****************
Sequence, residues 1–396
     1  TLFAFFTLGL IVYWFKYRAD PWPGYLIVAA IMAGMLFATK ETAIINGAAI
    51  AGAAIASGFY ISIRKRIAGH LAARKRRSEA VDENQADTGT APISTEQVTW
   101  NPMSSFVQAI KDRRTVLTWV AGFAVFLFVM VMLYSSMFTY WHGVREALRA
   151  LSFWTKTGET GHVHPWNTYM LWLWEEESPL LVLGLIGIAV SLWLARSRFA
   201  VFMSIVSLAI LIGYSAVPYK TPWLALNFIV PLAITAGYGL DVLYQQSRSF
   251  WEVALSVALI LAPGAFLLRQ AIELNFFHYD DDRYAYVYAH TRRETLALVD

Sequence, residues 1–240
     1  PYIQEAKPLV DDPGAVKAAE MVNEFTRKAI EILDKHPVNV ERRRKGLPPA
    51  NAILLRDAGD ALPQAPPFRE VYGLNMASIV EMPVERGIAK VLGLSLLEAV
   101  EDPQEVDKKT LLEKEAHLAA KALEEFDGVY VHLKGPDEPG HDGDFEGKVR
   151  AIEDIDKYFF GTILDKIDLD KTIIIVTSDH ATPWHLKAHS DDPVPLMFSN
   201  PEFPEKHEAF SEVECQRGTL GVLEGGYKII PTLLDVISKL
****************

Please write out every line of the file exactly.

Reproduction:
Sequence, residues 1–396
     1  TLFAFFTLGL IVYWFKYRAD PWPGYLIVAA IMAGMLFATK ETAIINGAAI
    51  AGAAIASGFY ISIRKRIAGH LAARKRRSEA VDENQADTGT APISTEQVTW
   101  NPMSSFVQAI KDRRTVLTWV AGFAVFLFVM VMLYSSMFTY WHGVREALRA
   151  LSFWTKTGET GHVHPWNTYM LWLWEEESPL LVLGLIGIAV SLWLARSRFA
   201  VFMSIVSLAI LIGYSAVPYK TPWLALNFIV PLAITAGYGL DVLYQQSRSF
   251  WEVALSVALI LAPGAFLLRQ AIELNFFHYD DDRYAYVYAH TRRETLALVD

Sequence, residues 1–240
     1  PYIQEAKPLV DDPGAVKAAE MVNEFTRKAI EILDKHPVNV ERRRKGLPPA
    51  NAILLRDAGD ALPQAPPFRE VYGLNMASIV EMPVERGIAK VLGLSLLEAV
   101  EDPQEVDKKT LLEKEAHLAA KALEEFDGVY VHLKGPDEPG HDGDFEGKVR
   151  AIEDIDKYFF GTILDKIDLD KTIIIVTSDH ATPWHLKAHS DDPVPLMFSN
   201  PEFPEKHEAF SEVECQRGTL GVLEGGYKII PTLLDVISKL